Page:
A quick introduction to CXTM

<< 2006-08-04 22:27 >>

I got some questions about how CXTM actually works, so I thought I'd put together a little introduction to it. If you want to create a CXTM file for one of your own topic maps you can actually do this in Omnigator with the export plug-in.

Update 2009-02-26: The introduction has been updated to the published CXTM standard.

The idea behind CXTM is that for every XTM file there should be exactly one corresponding CXTM file. Furthermore, if two XTM files contain the same information they should produce the same CXTM output. This makes it possible to create conformance test suites using CXTM.

It's probably best explained through an example. Below is an example topic map (in LTM) that we'll turn into CXTM.

[cxtm : syntax = "CXTM"]
{cxtm, specification, ""}
published-by(cxtm : publication, iso : publisher)

This turns into the following in CXTM:

<topic number="1">
<name number="1">
<occurrence number="1">
<type topicref="6"></type>
<rolePlayed ref="association.1.role.1"></rolePlayed></topic>

As you can see, this is the CXTM topic from the LTM file, but in a slightly strange notation. Note that the topic references are all numbers. The 6 above refers to the sixth topic in the file. The number attributes make it easier to see which topic this is. Note also the rolesPlayed element, which refers to an association role played by the topic (the first role in the first association).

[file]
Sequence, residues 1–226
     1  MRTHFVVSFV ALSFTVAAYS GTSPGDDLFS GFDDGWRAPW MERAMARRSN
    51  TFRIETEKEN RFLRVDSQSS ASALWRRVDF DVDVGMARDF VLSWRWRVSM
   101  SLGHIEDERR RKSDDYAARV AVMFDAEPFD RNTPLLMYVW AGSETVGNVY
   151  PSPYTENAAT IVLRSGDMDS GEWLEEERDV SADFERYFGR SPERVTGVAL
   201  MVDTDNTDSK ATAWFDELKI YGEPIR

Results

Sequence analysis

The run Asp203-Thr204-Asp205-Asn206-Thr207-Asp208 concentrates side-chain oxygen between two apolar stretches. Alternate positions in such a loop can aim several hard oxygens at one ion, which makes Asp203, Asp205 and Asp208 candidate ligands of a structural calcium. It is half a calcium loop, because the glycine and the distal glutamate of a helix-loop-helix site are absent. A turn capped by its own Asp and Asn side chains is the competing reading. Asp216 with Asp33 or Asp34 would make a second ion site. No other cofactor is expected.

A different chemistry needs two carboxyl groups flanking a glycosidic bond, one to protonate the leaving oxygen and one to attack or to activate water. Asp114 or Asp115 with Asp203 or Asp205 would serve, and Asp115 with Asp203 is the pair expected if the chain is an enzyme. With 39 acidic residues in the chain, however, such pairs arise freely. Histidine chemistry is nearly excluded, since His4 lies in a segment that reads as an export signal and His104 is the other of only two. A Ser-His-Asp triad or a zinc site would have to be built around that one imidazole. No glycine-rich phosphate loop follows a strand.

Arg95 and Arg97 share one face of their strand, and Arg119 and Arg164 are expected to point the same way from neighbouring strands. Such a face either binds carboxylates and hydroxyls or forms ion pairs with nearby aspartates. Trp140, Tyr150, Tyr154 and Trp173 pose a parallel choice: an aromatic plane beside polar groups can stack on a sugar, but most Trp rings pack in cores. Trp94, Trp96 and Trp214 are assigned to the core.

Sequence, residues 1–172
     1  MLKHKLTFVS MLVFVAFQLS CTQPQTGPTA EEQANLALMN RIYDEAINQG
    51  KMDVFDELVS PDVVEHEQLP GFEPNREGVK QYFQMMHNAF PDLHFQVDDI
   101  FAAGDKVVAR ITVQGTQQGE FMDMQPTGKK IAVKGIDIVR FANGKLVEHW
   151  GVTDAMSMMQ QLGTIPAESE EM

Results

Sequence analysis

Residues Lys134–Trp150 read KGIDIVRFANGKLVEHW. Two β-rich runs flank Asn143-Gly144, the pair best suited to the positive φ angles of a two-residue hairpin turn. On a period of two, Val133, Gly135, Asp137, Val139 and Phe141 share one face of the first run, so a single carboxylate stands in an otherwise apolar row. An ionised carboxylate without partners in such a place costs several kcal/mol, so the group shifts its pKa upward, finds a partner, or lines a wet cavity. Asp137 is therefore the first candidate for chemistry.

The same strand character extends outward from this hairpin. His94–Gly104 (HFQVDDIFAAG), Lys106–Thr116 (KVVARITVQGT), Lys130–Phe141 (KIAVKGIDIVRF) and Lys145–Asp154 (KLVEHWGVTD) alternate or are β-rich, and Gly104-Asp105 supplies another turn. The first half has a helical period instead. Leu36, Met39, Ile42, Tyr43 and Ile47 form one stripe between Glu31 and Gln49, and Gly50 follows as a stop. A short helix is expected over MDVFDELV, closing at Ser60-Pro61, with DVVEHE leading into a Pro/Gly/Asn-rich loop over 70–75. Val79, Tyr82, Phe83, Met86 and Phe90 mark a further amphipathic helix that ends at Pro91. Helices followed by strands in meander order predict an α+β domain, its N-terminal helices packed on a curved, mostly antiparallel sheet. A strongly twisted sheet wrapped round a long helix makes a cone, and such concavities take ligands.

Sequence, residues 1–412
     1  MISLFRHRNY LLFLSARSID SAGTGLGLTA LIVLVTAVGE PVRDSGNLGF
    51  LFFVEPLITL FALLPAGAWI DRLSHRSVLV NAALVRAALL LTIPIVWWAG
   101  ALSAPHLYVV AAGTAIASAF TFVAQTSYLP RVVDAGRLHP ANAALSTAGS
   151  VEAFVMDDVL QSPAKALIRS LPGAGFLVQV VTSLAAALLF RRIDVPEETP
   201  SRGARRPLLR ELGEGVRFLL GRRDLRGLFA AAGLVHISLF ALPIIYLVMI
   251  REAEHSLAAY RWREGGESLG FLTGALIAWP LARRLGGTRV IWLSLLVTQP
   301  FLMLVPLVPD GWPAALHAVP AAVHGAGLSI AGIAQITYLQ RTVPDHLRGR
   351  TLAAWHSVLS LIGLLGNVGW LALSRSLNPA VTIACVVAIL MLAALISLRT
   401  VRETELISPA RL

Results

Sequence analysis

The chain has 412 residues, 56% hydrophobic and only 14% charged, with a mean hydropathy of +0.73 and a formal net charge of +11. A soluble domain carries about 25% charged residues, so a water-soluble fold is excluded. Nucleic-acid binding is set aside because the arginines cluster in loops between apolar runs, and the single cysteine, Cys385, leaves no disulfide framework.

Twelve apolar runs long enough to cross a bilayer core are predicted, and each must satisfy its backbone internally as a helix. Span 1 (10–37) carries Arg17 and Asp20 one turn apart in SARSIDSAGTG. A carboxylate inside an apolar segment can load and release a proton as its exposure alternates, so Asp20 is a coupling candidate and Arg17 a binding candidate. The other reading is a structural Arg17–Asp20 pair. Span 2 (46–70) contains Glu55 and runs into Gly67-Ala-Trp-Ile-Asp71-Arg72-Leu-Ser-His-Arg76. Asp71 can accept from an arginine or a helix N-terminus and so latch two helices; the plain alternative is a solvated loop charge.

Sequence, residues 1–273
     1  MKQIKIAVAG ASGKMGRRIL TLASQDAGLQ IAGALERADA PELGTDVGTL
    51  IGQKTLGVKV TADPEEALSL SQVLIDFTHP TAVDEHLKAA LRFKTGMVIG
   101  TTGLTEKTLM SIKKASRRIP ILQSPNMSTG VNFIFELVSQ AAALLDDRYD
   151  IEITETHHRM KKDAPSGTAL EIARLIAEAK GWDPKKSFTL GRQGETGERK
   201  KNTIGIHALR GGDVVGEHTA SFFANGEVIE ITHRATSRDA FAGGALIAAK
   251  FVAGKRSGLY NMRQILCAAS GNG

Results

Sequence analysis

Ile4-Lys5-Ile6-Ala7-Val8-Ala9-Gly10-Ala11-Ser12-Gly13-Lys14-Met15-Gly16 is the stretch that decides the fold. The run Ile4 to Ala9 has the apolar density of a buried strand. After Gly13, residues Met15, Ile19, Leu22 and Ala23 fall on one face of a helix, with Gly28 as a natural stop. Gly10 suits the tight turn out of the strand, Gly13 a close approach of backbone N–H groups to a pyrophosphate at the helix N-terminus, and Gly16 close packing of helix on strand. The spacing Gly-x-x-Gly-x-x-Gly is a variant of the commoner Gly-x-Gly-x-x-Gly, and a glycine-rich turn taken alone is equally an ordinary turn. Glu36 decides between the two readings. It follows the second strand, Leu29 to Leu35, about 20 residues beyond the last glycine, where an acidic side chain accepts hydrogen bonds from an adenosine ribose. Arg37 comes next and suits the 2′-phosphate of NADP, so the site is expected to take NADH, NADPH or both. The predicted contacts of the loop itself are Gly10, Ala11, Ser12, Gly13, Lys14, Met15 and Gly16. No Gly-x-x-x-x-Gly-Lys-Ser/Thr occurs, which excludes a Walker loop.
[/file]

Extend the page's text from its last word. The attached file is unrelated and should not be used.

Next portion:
One further thing to be aware of here is that the whitespace is also significant here. CXTM files for the same topic map need to be byte-by-byte identical, and this of course includes the whitespace. So the whitespace in the example above is as dictated by the spec.

<association number="1">
<type topicref="4"></type>
<rolePlayer topicref="1"></rolePlayer>
<type topicref="3"></type>
<rolePlayer topicref="2"></rolePlayer>
<type topicref="5"></type>

This is our published-by association, now unrecognizable, since all the topic references are numbers.

This is pretty much all there is to it, actually. There are some bits I haven't shown (internal occurrences, scope, variants, reification, ...), but they are pretty easily predictable from the above.

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